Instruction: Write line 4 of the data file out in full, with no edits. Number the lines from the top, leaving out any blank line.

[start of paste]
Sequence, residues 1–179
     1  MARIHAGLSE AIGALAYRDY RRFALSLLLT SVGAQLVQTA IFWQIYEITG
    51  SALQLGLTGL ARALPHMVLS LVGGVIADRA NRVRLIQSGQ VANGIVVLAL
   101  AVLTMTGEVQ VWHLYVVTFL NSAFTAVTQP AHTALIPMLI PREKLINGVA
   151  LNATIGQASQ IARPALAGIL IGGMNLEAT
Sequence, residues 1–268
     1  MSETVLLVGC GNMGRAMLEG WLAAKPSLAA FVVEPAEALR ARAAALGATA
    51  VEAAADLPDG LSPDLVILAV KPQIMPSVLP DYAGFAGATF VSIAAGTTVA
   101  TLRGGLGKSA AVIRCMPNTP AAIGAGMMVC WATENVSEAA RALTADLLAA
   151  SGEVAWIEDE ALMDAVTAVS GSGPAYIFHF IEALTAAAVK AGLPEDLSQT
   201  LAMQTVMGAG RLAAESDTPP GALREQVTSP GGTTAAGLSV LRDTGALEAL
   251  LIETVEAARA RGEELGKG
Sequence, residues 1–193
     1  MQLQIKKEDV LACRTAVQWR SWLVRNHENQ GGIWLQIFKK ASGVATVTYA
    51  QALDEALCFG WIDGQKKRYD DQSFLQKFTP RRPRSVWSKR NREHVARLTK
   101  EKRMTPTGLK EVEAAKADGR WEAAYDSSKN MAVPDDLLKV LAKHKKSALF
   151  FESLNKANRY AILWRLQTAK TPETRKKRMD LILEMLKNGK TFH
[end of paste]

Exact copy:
   101  AVLTMTGEVQ VWHLYVVTFL NSAFTAVTQP AHTALIPMLI PREKLINGVA